Well, we’ve made it – and who would have thought this year would have turned out the way it has?
2020 has certainly been one I’ve wished away, and with all the pestilence and upset that this year has brought, part of me wondered if we’d make it to December.
I joked at the beginning of the year that I was fed up of writing about Brexit and hoped I’d soon have something else to focus on, and boy, what a case of being careful what you wish for.
This year has brought change greater than we could ever imagine.
From a work perspective, my diary was hit hard, and the permanent “working-from-home” with little to no physical human interaction was difficult, and something I definitely struggled with mentally at the peak of the pandemic.
Across industry, we’ve seen what should have been thriving showgrounds lying empty, with just perfectly pruned crop plots left as an eery reminder of what should have been.
The machinery sector has suffered, with the closing of borders slowing down and even stopping the manufacturing process.
And on a personal level, missing birthdays, weddings, various appointments and family and social events has been hard, as I’m sure many of you will agree.
But despite all of the struggle, there have been little chinks of light, and for agriculture that’s accelerated the progression and digitalisation of the industry quicker than we could have ever dreamt of.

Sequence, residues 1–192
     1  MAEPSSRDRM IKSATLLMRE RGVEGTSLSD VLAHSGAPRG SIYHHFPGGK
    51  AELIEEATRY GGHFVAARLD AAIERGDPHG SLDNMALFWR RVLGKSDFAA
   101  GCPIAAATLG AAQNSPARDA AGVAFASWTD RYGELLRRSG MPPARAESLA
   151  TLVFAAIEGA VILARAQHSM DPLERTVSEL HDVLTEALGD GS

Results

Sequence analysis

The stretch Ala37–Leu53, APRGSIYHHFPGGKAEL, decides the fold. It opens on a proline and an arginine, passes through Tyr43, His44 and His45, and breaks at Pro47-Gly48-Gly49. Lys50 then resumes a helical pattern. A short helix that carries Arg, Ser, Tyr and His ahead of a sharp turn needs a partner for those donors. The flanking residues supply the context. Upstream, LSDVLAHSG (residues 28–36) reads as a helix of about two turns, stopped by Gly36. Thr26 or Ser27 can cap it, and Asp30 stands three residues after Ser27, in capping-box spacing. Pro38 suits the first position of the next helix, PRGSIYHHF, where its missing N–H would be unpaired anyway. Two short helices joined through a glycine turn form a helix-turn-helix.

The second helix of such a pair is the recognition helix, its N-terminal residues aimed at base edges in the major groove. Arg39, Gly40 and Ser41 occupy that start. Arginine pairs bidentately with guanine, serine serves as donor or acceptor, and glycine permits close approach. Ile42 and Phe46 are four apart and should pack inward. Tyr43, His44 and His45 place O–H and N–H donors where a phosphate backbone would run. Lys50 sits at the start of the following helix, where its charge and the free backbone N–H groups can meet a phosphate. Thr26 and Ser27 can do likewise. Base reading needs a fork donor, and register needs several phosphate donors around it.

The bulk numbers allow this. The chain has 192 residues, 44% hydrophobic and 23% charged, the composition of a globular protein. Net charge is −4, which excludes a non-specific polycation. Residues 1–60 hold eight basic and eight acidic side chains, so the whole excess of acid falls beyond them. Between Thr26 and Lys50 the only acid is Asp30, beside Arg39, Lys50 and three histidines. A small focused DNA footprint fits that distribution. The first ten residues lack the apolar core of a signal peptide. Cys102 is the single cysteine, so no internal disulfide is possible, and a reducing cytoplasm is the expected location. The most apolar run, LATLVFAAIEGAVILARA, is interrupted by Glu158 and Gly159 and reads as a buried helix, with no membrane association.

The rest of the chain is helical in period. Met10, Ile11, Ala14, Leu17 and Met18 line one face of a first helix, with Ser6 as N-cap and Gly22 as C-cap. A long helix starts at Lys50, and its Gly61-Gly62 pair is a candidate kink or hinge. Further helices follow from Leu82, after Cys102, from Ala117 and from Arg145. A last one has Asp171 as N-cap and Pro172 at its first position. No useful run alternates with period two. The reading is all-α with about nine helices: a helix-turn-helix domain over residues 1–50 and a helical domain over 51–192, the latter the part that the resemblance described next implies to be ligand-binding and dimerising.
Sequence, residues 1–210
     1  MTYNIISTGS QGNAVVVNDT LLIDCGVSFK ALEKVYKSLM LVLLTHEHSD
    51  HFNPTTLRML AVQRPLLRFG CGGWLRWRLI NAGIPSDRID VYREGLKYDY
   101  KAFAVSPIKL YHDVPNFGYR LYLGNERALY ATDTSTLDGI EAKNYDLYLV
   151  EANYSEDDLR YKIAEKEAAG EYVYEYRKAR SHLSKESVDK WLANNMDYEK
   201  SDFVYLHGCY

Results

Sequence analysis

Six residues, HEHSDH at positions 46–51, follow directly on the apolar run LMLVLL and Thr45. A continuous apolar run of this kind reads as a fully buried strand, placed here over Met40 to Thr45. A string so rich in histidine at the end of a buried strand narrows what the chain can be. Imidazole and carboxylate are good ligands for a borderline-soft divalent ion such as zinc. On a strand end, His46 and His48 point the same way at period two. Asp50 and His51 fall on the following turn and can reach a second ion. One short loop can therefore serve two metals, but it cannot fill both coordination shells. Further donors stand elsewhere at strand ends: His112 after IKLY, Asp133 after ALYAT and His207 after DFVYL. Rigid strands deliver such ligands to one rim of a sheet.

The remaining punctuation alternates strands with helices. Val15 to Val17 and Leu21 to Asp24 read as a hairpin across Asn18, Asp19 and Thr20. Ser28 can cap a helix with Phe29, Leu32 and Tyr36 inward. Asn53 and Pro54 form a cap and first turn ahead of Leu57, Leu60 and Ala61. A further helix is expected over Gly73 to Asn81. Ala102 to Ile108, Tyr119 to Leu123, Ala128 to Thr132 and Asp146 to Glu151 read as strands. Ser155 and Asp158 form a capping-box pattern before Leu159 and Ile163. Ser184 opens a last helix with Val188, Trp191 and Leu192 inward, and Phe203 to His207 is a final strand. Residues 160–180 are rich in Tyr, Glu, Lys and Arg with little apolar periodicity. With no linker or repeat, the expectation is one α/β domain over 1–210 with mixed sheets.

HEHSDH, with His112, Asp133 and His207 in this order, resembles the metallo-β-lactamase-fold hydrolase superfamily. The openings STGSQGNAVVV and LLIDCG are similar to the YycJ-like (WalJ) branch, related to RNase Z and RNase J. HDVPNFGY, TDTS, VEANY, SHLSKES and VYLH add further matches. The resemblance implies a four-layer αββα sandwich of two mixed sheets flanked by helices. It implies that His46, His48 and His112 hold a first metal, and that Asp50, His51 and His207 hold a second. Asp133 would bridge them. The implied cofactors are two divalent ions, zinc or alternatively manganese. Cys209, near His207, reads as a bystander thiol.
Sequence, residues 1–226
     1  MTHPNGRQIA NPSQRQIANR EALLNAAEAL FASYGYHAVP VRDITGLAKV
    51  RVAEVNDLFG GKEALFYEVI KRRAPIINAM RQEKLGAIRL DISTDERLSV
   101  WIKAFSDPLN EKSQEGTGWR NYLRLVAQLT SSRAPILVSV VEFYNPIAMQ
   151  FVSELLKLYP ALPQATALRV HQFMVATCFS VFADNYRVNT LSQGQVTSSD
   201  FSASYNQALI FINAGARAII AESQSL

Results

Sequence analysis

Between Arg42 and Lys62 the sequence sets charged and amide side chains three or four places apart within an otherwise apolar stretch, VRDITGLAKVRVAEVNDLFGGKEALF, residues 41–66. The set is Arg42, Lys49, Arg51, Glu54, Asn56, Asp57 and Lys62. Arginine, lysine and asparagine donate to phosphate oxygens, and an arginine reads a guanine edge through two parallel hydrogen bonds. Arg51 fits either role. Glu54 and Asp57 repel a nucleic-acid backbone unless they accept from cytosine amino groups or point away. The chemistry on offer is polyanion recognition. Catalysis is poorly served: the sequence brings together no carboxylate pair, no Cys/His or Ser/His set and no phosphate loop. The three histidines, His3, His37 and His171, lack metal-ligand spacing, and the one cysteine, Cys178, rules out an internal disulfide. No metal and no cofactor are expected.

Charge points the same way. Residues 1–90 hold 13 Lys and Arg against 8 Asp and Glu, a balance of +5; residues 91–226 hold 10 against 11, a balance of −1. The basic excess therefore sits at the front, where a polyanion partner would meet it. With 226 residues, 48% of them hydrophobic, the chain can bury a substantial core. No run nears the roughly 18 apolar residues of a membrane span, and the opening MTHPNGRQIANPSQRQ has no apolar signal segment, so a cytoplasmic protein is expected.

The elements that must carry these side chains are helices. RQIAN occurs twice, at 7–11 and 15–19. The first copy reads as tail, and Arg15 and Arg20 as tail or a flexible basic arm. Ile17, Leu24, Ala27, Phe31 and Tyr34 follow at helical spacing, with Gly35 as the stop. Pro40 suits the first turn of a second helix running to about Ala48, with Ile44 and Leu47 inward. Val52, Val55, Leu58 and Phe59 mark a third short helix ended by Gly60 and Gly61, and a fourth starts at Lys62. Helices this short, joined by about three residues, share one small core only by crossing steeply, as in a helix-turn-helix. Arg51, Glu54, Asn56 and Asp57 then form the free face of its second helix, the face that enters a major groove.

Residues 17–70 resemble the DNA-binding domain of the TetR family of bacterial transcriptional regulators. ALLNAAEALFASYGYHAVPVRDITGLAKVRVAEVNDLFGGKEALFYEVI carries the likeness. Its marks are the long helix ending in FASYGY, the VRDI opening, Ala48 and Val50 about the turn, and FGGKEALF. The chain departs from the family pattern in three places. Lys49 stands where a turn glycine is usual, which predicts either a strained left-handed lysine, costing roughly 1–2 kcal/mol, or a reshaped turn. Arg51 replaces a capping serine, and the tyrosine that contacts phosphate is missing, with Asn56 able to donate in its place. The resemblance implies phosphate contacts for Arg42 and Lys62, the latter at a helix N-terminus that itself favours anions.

While we’ve been on the journey towards a digital way of working for some time, this year has forced the hands of many to quickly adapt strategies to ensure they stay connected with customers.
Instead of flying out to Europe to see the latest machinery launch, Europe has come to us with live demos, launches and a whole host of experts from across the globe on hand to ensure that “in-real-life” coverage was there.
One of the most impressive things I’ve seen this year was KWS’ “virtual” crop plot at the online Cereals Event – which was brilliantly done given the circumstances. Who’d have thought this was possible or useful 12 months ago? Not me, for sure, however I came away feeling content that I’d still been able to gather enough information to really understand what was going on.
And from a growers’ point of view, John Deere has reported a surge in uptake of its Connected Support services during the pandemic, with more users than ever before making use of the remote troubleshooting abilities to minimise downtime and machinery faults – an uptake I wonder would have been so vast without the movement restrictions this year has brought.
So it seems that actually, we as an industry have done incredibly well despite the challenge and adversity we’ve faced, and that’s something that’s bringing me comfort as we head into the unknown of 2021 – with COVID still very much restricting life and our imminent official departure from the EU on 1 Jan.
At the time that this column goes to print, the UK is still in a lockdown, with strict tier system to follow, though I’m hoping that some can take comfort in the thought of being able to spend the festive season with loved ones after a difficult year.
But whether you’re seeing off the end of the year at home, or within a bubble of three, I’d like to wish you the merriest Christmas, and send hope for a more positive 2021.
Originally hailing from Devon, Charlotte Cunningham is now based in Warwicks and when not busy filling the pages of CPM, can be found in the garden or exploring the countryside with two crazy spaniels in tow. firstname.lastname@example.org @charcunningham